All of Conway’s city council now agrees with Councilwoman Jean Timbes that it’s never too late to do the right thing, and wearing masks in all public places and inside of businesses is the right thing.
In a unanimous vote Monday evening, they adopted an ordinance suggested by the Municipal Association of South Carolina that requires masks in retail businesses, organizations, establishments or facilities open to the public within the city that includes grocery stores, convenience stores and any other establishment engaged in the retail sale of non-prepared foods.
It also includes commercial stores engaged in the retail sale of goods or services to the public including clothing-accessory stores, jewelry, luggage and leather goods stores; department stores, hardware and home improvement stores; book, craft and music stores; florists and flower stores; and all other stores that sell supplies for household consumption or use; pharmacies and other stores that sell medications or medical supplies; alcoholic beverages stores; and Laundromats.
Inside of restaurants, employees must wear masks, but customers can remove them as soon as they’re seated.
People are not required to wear them outside when they are recreating – playing games like tennis or soccer; if their religious beliefs forbid it; if they have medical conditions that would be worsened by a mask; in private, individual offices; when complying with law enforcement directives; when it isn’t practical, for instance at a dentist office; and when they are with family members only.
Two weeks ago, council voted to require the masks in essential businesses only, in other words, places where people have no choice but to go, like grocery stores and pharmacies. Councilmen Alex Hyman, Shane Hubbard, William Goldfinch and Justin Jordan all agreed not to make the masks mandatory for all businesses.
But all four had changes of heart this week, and agreed to make the masks mandatory for all businesses until Aug. 18 when its members will review the situation and extend or rescind the order.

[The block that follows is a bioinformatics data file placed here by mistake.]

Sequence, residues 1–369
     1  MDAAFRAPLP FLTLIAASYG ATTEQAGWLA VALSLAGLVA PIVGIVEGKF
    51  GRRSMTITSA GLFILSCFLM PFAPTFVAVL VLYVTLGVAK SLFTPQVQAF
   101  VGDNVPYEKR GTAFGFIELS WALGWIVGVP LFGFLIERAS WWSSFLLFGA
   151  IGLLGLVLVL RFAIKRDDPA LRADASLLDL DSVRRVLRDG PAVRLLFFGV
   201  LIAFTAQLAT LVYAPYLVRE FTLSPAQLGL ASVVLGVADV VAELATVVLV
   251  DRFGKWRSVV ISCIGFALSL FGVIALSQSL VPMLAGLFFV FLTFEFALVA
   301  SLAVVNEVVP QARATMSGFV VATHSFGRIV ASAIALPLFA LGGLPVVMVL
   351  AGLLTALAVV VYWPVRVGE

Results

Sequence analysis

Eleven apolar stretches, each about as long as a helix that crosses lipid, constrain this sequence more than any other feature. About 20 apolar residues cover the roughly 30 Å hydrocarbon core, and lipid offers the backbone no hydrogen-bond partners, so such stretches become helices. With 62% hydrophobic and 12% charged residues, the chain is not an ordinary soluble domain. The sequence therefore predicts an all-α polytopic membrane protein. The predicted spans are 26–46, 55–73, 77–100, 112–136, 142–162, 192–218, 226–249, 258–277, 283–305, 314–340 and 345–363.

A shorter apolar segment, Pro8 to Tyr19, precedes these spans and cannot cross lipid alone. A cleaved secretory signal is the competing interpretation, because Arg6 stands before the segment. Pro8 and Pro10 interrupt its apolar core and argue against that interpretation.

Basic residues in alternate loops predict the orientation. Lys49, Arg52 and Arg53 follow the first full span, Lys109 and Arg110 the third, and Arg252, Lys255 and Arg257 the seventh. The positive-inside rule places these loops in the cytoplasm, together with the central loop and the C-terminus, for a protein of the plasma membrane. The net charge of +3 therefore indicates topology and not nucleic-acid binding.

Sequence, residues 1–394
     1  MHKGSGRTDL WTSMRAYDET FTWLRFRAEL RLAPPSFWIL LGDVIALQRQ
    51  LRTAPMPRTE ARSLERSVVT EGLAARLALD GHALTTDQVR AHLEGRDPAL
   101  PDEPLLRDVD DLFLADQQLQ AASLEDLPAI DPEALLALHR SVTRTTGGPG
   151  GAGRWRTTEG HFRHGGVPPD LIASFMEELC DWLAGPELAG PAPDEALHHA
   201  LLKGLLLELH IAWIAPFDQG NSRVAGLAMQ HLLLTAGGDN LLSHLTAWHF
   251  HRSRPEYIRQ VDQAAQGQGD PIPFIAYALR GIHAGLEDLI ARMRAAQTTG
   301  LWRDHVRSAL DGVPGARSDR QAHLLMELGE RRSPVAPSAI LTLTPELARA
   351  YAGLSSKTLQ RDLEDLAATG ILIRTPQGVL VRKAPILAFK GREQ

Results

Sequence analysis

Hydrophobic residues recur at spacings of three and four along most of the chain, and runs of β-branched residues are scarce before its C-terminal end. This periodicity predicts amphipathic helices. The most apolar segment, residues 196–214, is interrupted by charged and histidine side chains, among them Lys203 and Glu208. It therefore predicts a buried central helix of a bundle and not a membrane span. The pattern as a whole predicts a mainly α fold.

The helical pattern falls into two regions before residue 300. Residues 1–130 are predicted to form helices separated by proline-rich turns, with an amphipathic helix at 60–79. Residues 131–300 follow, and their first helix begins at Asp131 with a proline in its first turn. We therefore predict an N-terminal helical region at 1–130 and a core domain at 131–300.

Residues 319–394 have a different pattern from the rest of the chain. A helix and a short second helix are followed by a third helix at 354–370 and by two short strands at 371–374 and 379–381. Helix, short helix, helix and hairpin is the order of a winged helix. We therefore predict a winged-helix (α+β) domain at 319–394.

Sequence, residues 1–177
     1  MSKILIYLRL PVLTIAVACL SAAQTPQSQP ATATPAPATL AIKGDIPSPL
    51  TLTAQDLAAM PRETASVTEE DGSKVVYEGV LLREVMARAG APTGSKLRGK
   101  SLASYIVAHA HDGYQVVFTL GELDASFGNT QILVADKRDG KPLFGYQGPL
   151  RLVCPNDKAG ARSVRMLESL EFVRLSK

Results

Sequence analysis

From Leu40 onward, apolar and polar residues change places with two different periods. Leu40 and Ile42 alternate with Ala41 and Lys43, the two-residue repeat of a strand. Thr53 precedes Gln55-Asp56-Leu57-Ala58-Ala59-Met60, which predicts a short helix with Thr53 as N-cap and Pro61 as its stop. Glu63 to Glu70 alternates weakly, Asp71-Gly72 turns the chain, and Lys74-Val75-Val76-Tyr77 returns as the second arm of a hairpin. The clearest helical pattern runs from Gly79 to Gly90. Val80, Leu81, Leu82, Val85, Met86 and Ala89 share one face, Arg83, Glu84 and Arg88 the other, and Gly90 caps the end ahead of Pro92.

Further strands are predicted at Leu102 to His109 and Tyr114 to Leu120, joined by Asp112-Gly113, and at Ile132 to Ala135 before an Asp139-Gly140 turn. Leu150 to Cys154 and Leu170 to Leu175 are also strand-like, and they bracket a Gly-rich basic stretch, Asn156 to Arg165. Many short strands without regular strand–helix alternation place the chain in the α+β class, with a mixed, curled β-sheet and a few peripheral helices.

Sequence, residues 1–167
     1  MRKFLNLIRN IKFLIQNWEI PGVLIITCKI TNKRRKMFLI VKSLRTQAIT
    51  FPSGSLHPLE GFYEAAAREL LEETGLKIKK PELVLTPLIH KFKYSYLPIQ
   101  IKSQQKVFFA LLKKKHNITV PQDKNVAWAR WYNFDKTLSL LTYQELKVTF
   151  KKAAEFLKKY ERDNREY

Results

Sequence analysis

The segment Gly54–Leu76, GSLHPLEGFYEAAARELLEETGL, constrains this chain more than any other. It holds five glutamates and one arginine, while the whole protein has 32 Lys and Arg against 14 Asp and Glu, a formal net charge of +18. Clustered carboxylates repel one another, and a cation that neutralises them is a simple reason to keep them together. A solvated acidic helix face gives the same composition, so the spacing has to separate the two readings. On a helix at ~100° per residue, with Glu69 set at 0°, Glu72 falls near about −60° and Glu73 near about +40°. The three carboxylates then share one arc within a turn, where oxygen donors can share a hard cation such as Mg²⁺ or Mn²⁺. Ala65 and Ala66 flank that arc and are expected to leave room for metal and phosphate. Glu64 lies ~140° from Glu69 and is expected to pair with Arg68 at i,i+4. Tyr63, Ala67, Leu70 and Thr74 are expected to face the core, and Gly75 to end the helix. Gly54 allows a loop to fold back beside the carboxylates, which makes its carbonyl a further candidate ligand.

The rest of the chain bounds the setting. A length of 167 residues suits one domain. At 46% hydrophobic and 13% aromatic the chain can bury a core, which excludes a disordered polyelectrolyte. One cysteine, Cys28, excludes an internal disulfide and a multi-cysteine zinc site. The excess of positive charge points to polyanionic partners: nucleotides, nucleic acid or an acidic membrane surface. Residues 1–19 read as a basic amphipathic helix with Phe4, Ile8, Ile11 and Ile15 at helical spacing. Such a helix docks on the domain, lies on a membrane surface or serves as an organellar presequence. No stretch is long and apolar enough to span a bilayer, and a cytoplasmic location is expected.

Since council first voted to make masks mandatory in some situations, the Conway Police Department has not ticketed anyone. The fine is $100 for employers, but only $25 for others for each offense. However, enough infractions can cause a business to lose its business license or be closed down.
Conway Police Chief Dale Long says his department has received complaints, but not an overwhelming number, about people not wearing masks, but they have chosen to use their discretion and try to solve the problem by convincing people to do the right thing.
City Administrator Adam Emrick made the case for wearing masks by showing how much Conway’s COVID numbers have grown in past weeks, but pointing out that they have dropped a little in recent days.
He said the city has been having two to five cases a week among its employees, numbers he sees as manageable; however, he said if five firemen became infected one week and five more the next week, it would make fighting fire in the city difficult, adding that the city can’t let people’s houses burn down.
Hyman said after the first rules were passed he had seen someone not wearing a mask in an essential business ridiculing someone who was wearing one. He said he found it sickening.
Then he went to a restaurant where employees were wearing the masks and he was wearing one and it made him feel safe.
Councilman William Goldfinch wanted to add the same requirement for bars that restaurants will have now. In other words, if people are seated, they won’t have to wear masks. He thinks that will keep the businesses from having the standing shoulder-to-shoulder problem that some areas have been facing.
He said he visited Charleston recently where he thought compliance was near 100 percent. He said after a while it almost felt normal.
“I think this is doing the right thing and I think we need to do this,” he said of passing the new ordinance.
Timbes thanked the other council members for their changes of heart, saying if people don’t wear them, area residents and visitors will find themselves quarantined to home again and the area’s economy will be ruined.
“But I particularly believe in the strength of this community. We’re Conway strong,” she said, adding that she’s weary of people saying their rights are being infringed upon if they have to wear a mask.
She believes if everyone comes together and wears them for just a few weeks that “we could turn this thing around, at least here in Conway.”
Councilman Shane Hubbard said one of the reasons he voted against the mandatory wearing of masks two weeks ago was due to the way the language read, making it appear that employees would be responsible for enforcing the rules with their customers, and he feared it would be difficult for police, but he thinks both of those possible problems have been taken care of.
“If one person doesn’t get sick or one person doesn’t die, I think we’ve done the right thing,” he said.
Another change council made to the ordinance was to drop the age that masks become mandatory from 8-years-old to 5-years